The Psychological Enslavement By Tech
I was watching an episode of Parks and Recreation on Netflix, and an annoyance that had dwindled in the back of my mind for some time finally took root to a firm thought. Social media, and media administering outlets, are incentivized to enslave your mind. Netflix defaults to queuing the next episode in a series without any intervention. By no fault of their own, and on the contrary, this was certainly a user-demanded feature. It allows an individual to continue their binge without so much as a click of the remote.
Once I realized this, other things started falling into place, making me feel increasingly more violated as social media and quick consumption entertainment embeds itself further in our minds. When was the last time you just finished checking your facebook and responding to messages, and as soon as you put your phone to sleep it buzzed with another notification from the same app you just set down. It is possible that there are algorithms programmed to wait to deliver a notification until you have closed the app and placed your phone on lock? The more time you spend on facebook, the more revenue the company gets from their advertising partners, the higher the likelihood of you clicking on one of those ads, et cetera. This is of course speculation, but if an entity has both the means and the incentive to do something that will benefit it, without the knowledge of the user, it becomes a simple ethical decision that falls on an individual, and as we know, people and corporations that are made up of them do not always act ethically.
The psychological effect of this is a passive but voluntary admission to allow your mind to be enslaved. If you can just be kept on the end of the line for longer, it means more money for those guys. Less time spent on introspection, sleeping, and creating things and making your own money. Less time making real connections and learning from experience and discussion, and more time spent on vicarious consumption of the lives of millionaires and models.
Wake up from this matrix, and realize that your average american is poor relative to 80 years ago in terms of real wealth. There are far fewer people with retirement savings, and those that do possess them have far lower balances relative to their parents and grandparents in terms of buying power. Mindless consumption often doesn't have a clear or perceivable problem. Considering only the opportunity cost of the time spent on these activities is enough to warrant a slightly conscious mind to the conclusion that their time would be better spent doing something else.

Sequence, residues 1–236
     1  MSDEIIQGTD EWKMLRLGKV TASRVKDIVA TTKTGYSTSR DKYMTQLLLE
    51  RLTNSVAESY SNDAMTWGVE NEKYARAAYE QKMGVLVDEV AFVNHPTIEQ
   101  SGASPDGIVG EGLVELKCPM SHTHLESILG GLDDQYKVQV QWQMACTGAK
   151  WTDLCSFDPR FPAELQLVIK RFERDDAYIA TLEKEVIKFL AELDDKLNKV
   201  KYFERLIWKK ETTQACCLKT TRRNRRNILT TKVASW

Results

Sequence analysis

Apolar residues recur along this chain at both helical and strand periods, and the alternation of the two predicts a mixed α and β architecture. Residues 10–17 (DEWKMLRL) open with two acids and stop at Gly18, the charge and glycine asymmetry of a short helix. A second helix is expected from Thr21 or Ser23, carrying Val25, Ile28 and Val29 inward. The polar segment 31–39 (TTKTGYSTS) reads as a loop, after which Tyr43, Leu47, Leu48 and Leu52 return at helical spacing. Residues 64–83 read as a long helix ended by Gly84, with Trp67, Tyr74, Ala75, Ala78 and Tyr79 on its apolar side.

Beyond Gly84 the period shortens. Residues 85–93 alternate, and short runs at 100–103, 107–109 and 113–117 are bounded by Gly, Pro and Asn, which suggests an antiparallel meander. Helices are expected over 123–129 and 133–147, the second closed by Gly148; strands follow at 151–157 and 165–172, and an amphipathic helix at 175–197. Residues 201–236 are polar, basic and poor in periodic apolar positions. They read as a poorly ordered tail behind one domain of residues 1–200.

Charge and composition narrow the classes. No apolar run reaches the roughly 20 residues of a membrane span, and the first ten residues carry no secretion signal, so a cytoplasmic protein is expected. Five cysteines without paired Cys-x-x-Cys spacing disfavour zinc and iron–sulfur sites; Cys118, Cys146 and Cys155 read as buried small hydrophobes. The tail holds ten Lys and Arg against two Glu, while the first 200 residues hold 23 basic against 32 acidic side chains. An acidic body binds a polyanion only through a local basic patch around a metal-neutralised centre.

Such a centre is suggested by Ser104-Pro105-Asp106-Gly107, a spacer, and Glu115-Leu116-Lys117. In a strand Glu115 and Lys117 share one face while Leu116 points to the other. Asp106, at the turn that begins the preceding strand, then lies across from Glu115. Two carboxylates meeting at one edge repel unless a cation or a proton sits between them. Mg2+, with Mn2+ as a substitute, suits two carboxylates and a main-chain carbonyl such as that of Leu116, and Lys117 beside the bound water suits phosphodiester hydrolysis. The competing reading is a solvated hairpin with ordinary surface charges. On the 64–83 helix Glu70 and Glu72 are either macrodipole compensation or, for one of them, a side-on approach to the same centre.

This phenomena is something I will describe as the Guitar Hero Effect (GHE). Young adults today may reflect when they see someone playing the guitar that if only they had practiced with a real instrument, in this case a guitar, instead of spending countless hours hitting only four buttons on Guitar Hero for instant gratification, what a talented player they would be. Much of the same thinking can be applied to social media. Suppose you spend two hours a day looking at your feed through Instagram or Facebook. What are you accomplishing, in terms of your social connections and advancement? Perhaps 10 years ago you could have argued that you were keeping up with old friends, connecting, and actually having meaningful communication with people in that network. Now, like the industry of fast fashion, it's all about what's happening right now. There's more connectedness than ever but it's morphed into an outlet of mindless consumption instead of a socially strengthening platform.
Consider spending two hours a day instead conversing with real people, be them friends, acquaintances, or strangers. What kind of advancements might you be able to make with discussion among all those people over a year (730 hours at 2 hours a day). What kind of insights and new information might you gain from all of those real conversations and connections? Especially so if the individual(s) you are engaged with are actively removed from their own sources of instant gratification of social media. Even when spending time with people today, you might see them on their phone upwards of 25% of the time, or more, even while they're surrounded by their best friends. Isn't that strange? The connections they maintain so tightly online they will not allow to be eroded by being present with even people that are extremely close to them, both physically and emotionally.
Disconnect from social media and mindless consumption. Take the 10 year approach instead of the 10 second approach. The results won't be apparent. But they will be insurmountable relative to the mindless zombies at the end of those 10 years.